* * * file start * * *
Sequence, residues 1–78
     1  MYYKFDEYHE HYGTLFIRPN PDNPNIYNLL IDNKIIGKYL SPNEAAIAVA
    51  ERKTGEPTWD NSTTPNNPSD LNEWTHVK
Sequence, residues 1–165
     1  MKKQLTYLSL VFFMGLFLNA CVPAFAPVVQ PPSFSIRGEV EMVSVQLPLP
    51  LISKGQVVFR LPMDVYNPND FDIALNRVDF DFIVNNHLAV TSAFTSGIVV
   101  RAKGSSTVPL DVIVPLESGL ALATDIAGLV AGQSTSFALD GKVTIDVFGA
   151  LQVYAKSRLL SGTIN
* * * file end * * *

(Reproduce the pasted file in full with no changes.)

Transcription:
Sequence, residues 1–78
     1  MYYKFDEYHE HYGTLFIRPN PDNPNIYNLL IDNKIIGKYL SPNEAAIAVA
    51  ERKTGEPTWD NSTTPNNPSD LNEWTHVK
Sequence, residues 1–165
     1  MKKQLTYLSL VFFMGLFLNA CVPAFAPVVQ PPSFSIRGEV EMVSVQLPLP
    51  LISKGQVVFR LPMDVYNPND FDIALNRVDF DFIVNNHLAV TSAFTSGIVV
   101  RAKGSSTVPL DVIVPLESGL ALATDIAGLV AGQSTSFALD GKVTIDVFGA
   151  LQVYAKSRLL SGTIN